Hamlet Luton is on bass duty. How cool is this guy?The riff that comes in about 5:17 is just immense and plagued our heads all day, all night and then the following day!

Johnny Heyes is on guitar and the subtlety in his playing just blew me away. Master control of the wah-wah and doing just enough when needed. Check out his syncopated break at 5:46, incredible.

Then there is Dan Goldman on keys. Dan has lots of videos up on his YouTube channel  to check out and is the master of improvisation. On this occasion though he’d planned out pretty much exactly what he wanted to do. Check out the extraordinary run at 5:02 (!).

All in all Dan had crafted a tune that ebbed and flowed from gentle piano to pure funk and back again effortlessly.

The Video Edit
In the edit suite I had a pretty big task ahead, ingest a ton of footage from six cameras in full HD, then split it into takes, rename all cam feeds and sync up. Once all this was done I had to work out which was the best take in terms of video technicality and looks. I had an idea about the best musical performance but ultimately Dan and the band had to be in agreement on this one. Luckily opinions matched up so we could scrap the other takes and get to work.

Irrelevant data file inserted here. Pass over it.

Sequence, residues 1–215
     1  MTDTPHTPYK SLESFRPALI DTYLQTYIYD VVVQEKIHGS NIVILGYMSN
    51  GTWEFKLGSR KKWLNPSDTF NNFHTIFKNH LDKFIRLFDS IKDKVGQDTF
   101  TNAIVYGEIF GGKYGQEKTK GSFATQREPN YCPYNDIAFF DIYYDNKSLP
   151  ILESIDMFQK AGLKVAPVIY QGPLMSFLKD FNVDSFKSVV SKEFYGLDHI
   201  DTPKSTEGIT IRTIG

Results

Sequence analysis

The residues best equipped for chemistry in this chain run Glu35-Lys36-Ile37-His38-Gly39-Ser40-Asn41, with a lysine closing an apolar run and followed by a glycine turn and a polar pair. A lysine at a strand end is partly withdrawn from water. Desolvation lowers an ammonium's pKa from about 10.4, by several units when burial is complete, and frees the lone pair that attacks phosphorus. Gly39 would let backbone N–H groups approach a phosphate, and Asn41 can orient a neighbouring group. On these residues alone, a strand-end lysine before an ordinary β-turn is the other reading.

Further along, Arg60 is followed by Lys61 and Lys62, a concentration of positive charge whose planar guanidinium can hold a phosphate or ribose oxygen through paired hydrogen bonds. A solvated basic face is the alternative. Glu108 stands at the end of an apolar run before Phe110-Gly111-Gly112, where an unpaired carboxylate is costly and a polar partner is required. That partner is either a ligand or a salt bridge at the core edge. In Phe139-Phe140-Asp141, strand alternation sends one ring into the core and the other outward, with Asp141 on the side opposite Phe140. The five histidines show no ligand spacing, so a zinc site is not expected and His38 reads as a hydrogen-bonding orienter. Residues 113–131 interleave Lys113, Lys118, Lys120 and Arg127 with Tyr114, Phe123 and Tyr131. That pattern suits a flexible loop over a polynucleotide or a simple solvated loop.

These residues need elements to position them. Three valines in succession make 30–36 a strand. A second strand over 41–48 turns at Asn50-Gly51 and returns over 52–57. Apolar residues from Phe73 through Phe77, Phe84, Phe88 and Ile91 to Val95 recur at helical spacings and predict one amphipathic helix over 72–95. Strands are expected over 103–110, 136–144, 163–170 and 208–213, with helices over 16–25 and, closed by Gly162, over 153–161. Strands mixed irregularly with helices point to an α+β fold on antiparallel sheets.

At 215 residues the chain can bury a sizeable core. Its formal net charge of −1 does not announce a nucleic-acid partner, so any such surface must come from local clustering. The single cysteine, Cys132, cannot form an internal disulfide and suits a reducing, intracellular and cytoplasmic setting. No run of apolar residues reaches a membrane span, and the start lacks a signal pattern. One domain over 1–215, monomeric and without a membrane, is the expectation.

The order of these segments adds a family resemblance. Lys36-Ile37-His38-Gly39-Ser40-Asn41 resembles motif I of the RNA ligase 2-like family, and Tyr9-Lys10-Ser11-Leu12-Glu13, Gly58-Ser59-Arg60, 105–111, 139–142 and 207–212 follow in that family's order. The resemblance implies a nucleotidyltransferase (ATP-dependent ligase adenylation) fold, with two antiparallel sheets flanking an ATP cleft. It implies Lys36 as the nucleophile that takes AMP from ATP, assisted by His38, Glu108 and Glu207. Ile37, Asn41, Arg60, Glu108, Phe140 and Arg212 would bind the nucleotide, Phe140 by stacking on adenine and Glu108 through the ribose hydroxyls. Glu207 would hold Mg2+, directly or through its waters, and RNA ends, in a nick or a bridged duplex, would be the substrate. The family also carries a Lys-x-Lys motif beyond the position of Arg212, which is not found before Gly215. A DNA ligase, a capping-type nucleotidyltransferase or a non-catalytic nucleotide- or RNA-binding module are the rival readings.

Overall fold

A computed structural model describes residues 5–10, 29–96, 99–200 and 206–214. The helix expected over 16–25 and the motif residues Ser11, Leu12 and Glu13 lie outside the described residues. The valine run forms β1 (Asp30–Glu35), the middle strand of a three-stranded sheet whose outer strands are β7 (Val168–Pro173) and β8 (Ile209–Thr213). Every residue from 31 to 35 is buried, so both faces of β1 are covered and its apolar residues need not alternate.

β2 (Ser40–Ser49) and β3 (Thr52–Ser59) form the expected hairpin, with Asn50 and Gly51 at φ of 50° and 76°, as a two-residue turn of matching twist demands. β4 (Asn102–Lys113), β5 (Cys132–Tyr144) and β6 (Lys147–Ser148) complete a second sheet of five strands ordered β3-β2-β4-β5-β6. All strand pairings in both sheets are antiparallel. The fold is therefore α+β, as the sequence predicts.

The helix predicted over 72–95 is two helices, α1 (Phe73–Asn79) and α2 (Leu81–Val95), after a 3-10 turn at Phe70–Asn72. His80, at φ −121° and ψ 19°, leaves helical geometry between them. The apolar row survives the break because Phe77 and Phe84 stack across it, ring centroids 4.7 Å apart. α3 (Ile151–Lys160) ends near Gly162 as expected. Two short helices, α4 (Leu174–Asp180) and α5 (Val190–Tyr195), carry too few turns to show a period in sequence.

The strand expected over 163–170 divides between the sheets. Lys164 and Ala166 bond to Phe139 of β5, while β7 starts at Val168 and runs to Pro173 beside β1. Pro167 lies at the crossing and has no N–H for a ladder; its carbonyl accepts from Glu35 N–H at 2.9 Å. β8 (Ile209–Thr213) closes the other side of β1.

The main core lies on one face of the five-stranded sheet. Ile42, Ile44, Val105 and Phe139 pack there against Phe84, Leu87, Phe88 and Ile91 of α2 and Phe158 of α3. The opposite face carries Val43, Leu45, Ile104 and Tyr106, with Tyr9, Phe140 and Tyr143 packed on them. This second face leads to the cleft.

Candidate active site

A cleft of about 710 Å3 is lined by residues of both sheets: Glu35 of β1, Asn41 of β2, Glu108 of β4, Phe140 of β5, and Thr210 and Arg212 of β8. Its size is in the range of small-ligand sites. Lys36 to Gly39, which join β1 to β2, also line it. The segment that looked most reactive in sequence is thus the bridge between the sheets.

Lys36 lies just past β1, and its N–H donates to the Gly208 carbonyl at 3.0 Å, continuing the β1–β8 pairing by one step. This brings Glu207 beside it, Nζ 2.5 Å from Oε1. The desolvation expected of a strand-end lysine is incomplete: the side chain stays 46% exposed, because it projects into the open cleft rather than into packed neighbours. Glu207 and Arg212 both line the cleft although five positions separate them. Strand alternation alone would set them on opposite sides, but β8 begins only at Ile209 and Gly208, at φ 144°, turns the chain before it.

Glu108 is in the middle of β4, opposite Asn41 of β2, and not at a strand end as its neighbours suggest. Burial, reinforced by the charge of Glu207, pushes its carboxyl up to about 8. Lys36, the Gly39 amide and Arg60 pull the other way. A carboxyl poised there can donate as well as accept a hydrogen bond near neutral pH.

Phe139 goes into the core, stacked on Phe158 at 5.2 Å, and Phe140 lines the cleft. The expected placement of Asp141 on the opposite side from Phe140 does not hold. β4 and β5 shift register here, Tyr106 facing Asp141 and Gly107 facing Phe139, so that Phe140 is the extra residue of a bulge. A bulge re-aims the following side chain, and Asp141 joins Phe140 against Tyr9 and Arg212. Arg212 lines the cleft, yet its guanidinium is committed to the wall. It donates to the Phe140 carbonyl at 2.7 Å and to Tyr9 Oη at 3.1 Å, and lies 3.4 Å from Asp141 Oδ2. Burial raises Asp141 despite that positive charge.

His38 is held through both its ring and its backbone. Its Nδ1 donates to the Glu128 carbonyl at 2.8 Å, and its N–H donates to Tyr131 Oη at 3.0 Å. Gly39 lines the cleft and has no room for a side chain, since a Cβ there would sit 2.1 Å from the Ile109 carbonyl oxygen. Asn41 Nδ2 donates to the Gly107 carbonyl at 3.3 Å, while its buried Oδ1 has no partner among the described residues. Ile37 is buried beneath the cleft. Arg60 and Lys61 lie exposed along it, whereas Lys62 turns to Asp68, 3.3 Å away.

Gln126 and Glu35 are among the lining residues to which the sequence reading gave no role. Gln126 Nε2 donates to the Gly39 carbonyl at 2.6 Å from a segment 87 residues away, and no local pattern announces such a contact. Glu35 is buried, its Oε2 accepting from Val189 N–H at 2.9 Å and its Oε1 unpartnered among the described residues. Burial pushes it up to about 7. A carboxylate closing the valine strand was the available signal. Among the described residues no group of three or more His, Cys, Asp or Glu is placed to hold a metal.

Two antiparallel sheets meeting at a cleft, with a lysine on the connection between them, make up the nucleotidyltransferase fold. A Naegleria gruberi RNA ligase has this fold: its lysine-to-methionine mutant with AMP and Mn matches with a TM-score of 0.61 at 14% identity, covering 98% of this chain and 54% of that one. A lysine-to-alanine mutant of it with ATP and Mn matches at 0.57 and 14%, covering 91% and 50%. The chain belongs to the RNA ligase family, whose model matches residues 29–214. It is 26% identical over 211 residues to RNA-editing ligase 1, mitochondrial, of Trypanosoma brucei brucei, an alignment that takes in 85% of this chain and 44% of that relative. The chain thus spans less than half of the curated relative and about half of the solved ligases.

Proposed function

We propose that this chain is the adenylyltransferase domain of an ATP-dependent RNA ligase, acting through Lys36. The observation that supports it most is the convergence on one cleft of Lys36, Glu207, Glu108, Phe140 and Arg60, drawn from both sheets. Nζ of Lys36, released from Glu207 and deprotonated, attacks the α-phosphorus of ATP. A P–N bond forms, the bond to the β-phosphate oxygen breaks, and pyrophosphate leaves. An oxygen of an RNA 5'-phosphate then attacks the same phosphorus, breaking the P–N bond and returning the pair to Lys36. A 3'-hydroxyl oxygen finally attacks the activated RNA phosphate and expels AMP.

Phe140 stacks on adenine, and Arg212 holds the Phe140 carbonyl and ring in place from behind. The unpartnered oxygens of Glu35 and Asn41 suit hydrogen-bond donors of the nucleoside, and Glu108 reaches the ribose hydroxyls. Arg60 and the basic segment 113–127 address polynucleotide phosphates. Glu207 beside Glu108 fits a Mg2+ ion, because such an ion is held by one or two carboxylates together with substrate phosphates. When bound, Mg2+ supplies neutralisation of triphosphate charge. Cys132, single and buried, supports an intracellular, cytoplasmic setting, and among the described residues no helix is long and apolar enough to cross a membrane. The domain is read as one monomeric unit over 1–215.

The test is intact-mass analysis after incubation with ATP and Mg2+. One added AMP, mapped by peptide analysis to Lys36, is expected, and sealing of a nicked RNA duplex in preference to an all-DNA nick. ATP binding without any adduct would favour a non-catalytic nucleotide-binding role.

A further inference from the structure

Andy needed a couple of days on the mix from The Nave so in the meantime I just worked to camera audio. I used the multi-camera function in Premiere and mixed the cameras on the fly until I had it looking how I wanted. I then just graded it and it was ready within a couple of days of the shoot. I hope you like the finished edit.

By about 5 or 6 pm we had it in the bag (hopefully) and everyone’s happy. The band could go home while we cracked on with shoot 2 with Dan – “DM12 Funk & Soul patch demonstration”. Dan had written some patches for the synth which would ship within the presets upon release. I re-rigged the kit so that we could record a multi-cam shoot of Dan demonstrating the patches. The finished edit can be seen below.

At about 10 pm we attempted to go for a third shoot, layering track with the TC looper. The looper didn’t really perform as expected with the synth so as me and the crew were falling over after a bout 14 hours straight we decided to call it a night at about 11.

Paul wood
Video Producer/DOP